Aeronautical Engineering

A career in aeronautical engineering involves the design, construction, and testing of aircrafts, helicopters, and related technology. Aerospace engineering, on the other hand, encompasses work on rockets, missiles, spacecrafts, and space modules.

Aeronautical engineering is a good fit for someone who enjoys math, science, and working with aviation. An aeronautical engineer studies and works on the design and manufacture of vehicles involved in flight as well as ensures proper functioning and maintenance.

Aeronautical engineering professionals also perform basic and applied research to develop and recommend improvements in testing techniques.

Aeronautical Engineering Degrees

For an entry-level aeronautical engineering position, a bachelor’s degree in aeronautical engineering, mechanical engineering, or a related field may be sufficient. For those seeking to pursue a career path in research, a master’s or even doctorate degree is recommended.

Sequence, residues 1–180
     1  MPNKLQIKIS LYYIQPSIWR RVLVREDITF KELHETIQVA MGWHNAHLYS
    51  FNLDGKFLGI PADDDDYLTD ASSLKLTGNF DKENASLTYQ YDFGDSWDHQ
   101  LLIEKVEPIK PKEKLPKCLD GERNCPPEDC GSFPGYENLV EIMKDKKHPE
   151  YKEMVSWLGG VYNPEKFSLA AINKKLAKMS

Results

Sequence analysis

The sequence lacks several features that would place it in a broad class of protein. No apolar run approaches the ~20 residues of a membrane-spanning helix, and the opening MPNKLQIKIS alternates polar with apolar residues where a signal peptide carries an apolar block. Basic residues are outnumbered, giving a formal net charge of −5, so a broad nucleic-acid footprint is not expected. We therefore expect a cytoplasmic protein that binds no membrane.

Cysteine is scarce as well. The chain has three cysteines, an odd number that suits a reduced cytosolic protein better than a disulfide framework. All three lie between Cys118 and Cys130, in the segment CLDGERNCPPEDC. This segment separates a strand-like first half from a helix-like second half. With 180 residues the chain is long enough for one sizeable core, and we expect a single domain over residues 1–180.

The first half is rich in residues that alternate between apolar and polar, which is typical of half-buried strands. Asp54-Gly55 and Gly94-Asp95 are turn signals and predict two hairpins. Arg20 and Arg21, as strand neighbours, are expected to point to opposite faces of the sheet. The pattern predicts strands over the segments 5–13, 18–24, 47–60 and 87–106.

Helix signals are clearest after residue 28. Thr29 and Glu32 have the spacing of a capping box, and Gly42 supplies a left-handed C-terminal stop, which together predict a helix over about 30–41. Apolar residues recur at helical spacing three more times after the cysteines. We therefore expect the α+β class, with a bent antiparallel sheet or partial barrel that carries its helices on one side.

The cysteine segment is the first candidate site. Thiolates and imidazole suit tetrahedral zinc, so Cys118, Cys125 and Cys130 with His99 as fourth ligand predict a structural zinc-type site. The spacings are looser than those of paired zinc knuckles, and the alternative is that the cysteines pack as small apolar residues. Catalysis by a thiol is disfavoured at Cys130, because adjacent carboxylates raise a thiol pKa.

Because the various fields of engineering overlap greatly, a degree in one branch doesn’t preclude its holder from working in other types of engineering. In fact, having a broad range of engineering training and skills could look favorable to employers.

Classes in engineering, physical science, design, and computers are common in aerospace engineering degree programs.

Aeronautical Engineering Salary*

The Bureau of Labor Statistics reports that the median annual wages for aerospace engineers was $97,480.

More annual mean wages for aeronautical engineers include the following:

  • Aerospace product and parts manufacturing ($89,150)
  • Architectural, engineering, or related services ($100,640)
  • Federal executive branch of the government ($110,780)
  • Scientific research and development services ($106,840)

The U.S. Department of Labor predicts that overall job growth for aerospace engineers should be about as fast as average for all occupations.

Source: U.S. Bureau of Labor Statistics

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